science mentor

#BlackHistoryMonth #tbt: Being the first African American woman to travel to space is one of Mae Jemison’s many accomplishments. A dancer, Peace Corps doctor, public speaker and astronaut, Mae went to college at age 16, holds 9 honorary doctorates and has founded many STEM-related programs for students. 


While bears may be the world’s most iconic hibernators, they don’t all hibernate the same way. Even members of the same species, like black bears, differ in their approaches to overwintering, depending on where they live.

In eastern North America, food sources like nuts and berries stay available longer, so black bears in places like New York and New Jersey don’t start hibernating until November or December. But in the southwestern United States, where food sources get scarce earlier, bears can spend as long as six or seven months a year—more than half their lives!—in hibernation.

Before they settle in for a long winter rest, black bears spend the summer and fall in a state known as hyperphagia, chowing down on just about anything they can get their paws on.

“During this period, a bear will eat and eat and eat, all day long,” says Rae Wynn Grant, Doris Duke Conservation Fellow in the Museum’s Center for Biodiversity and Conservation and an educator in the Science Research Mentoring Program.

Read more on the blog.

Gigantic Jupiter-type planet reveals insights into how planets evolve

An enormous young planet approximately 300 light-years from Earth has given astrophysicists a rare glimpse into planetary evolution.

The planet, known as HD 106906b, was discovered in 2014 by a team of scientists from the U.S., the Netherlands and Italy. It is 11 times the mass of Jupiter and is extremely young by celestial standards – not more than 13 million years old, compared with our solar system’s 4.6 billion years.

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How to increase your chances of securing a scholarship

Hi hi hi to add credibility to this post let me just say that I have applied for 4 scholarships, got to the last round (interview) for all 4, and was offered a scholarship by 2 organizations! Um my A levels results was pretty decent, I got 4 As and a C! 

Ok to start:

1. Decide on what you wanna do in the future

Only aim for scholarships in organizations that you are interested in, it will make a difference. Some of the scholarship process will require you to write a short essay on why you want their scholarship, and your passion will show if you’re genuinely interested in it. Don’t just do it for the free education and allowance, do it because you think you can make a difference in the organization. This is for you as much as it is for them. They want a committed dedicated individual, you want a work that is meaningful and enjoyable for you.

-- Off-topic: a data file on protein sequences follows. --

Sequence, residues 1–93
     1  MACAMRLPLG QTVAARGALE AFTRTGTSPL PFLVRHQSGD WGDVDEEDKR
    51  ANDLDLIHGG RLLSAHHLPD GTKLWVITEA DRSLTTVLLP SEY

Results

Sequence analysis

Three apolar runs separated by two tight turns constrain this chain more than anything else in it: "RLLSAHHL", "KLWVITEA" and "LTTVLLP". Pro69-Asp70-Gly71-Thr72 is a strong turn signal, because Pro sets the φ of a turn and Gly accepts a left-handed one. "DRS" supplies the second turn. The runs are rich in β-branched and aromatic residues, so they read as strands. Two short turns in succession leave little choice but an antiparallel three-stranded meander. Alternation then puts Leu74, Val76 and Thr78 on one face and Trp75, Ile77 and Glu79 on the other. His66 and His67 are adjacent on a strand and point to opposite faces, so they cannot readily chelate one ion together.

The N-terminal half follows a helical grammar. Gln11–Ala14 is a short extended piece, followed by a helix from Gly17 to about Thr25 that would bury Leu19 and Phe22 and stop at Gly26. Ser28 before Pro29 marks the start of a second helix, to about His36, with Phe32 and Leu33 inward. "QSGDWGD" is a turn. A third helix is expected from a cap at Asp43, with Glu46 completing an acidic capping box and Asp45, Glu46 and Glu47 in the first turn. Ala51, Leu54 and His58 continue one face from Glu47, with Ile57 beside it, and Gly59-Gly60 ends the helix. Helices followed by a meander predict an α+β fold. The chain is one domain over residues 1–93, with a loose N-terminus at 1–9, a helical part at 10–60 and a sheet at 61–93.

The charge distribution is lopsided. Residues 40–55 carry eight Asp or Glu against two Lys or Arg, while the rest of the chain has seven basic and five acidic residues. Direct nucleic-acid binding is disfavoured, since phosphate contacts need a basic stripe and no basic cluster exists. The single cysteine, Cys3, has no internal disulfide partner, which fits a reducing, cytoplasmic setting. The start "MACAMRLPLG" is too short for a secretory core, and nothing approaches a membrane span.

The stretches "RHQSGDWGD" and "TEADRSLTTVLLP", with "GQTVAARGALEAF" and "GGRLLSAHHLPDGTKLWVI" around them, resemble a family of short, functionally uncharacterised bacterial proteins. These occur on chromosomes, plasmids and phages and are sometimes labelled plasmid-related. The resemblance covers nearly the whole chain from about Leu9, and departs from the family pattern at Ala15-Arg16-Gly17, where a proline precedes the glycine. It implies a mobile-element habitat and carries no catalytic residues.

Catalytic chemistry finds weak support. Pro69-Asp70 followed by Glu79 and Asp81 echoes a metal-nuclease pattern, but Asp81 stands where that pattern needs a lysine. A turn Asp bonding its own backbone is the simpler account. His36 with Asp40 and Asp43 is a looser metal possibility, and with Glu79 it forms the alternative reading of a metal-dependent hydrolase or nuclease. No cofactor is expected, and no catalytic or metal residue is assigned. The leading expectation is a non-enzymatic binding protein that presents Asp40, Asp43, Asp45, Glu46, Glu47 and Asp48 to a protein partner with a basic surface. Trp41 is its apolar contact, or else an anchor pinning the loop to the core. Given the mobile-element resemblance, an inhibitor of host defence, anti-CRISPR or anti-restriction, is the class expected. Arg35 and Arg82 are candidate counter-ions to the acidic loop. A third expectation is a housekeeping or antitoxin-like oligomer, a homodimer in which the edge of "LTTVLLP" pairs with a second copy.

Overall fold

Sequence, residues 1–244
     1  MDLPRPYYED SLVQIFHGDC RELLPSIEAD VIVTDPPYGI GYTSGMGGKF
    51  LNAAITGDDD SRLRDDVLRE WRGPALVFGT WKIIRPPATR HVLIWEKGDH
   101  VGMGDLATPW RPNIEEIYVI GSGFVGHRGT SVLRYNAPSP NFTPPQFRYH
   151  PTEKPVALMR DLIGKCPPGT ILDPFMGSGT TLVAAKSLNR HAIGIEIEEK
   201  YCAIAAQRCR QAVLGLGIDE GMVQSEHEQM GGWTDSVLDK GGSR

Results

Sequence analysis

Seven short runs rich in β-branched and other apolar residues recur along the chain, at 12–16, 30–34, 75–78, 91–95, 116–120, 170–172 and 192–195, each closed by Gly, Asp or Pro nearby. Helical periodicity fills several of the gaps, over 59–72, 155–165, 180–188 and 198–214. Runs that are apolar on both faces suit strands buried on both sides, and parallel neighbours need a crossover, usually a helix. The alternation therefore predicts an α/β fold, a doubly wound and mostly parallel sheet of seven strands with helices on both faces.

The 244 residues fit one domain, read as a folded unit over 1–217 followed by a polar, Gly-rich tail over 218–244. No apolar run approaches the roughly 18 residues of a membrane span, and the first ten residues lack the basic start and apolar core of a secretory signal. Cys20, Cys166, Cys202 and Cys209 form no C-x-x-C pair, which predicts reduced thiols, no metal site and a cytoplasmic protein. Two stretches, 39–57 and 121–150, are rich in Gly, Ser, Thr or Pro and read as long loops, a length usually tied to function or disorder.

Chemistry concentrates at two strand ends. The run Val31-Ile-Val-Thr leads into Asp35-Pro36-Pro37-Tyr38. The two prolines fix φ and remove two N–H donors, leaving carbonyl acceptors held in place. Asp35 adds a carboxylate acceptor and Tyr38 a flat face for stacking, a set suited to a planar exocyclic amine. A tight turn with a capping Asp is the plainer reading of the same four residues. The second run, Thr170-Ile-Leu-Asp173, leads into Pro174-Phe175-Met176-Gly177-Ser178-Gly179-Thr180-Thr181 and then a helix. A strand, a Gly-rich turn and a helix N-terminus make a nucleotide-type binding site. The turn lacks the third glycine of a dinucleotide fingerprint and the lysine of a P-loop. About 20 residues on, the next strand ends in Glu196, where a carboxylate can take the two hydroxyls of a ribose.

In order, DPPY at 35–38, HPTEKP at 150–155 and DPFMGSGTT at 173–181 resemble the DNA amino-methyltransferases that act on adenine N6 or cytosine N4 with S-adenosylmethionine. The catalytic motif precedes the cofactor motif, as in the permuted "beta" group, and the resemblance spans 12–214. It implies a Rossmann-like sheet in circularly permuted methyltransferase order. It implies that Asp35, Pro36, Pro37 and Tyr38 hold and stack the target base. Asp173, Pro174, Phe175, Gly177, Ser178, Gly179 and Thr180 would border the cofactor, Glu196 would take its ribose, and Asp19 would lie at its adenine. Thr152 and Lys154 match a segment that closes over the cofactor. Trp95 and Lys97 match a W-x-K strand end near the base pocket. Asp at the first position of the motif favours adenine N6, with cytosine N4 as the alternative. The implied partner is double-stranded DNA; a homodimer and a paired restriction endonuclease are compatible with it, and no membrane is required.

ORGANIZE EVENTS. Companies love this shit! It shows your time management skills, teamwork, determination, ability to think on the spot etcetc. Take up internship or go to events that are relevant your desired organization. If you want to apply for a science related scholarship, enter science fair, volunteer to help your science teachers, volunteer to mentor your younger peers. Anything that shows your passion. If possible, try to apply for internship with your desired organization. This will give you a huge advantage bc you have in-depth knowledge of the organisation. But remember not to screw it up, show hard work and sincerity.

2. Research

After you have narrowed down your scope to selected organizations that you’re interested in, it is now time for you to research on what they do exactly. This will provide you with a better understanding of how the company works, and whether it will be suitable for you. Things to take note of:

Scholarship criteria
Application Deadline (SUPER IMPORTANT)
Scholarship selection process: some just require an essay and interview, others have IQ tests and simulation test, so it’s best to make sure.
Relevant websites and where to apply for scholarships
Documents needed (Do you need testimonials? It is best to inform your teachers early if you require testimonial so that they can craft a nice one for you!!) 

3. Commence application process

Take one whole day, sit down and craft your resume. Find out if there is some scholarship application portal. Note down all your achievements (don’t have to be comprehensive, just major ones in recent years, not the class monitor position you got at 10 year old). Write a short essay talking about yourself and your ambitions. What are your interests and why. How do you think your interests can help your further your career, talk about any role models if it is relevant to the organization. (ie if you are applying for a teaching scholarship maybe you can talk about how your teacher had inspired you greatly etc.) What did you learn from your activities in school, or any setbacks you have encountered that changed you for the better. Remember that the interviewers know that you are just human, 18 or 19 years old. It’s ok to make mistakes and not have super good achievement. They are looking for potential and interest. 

Make sure your essay is crafted to individual company, don’t send the same essay to ALL organizations. Make it detailed, make it relevant! It shows effort and interest. 

4.  Writing essay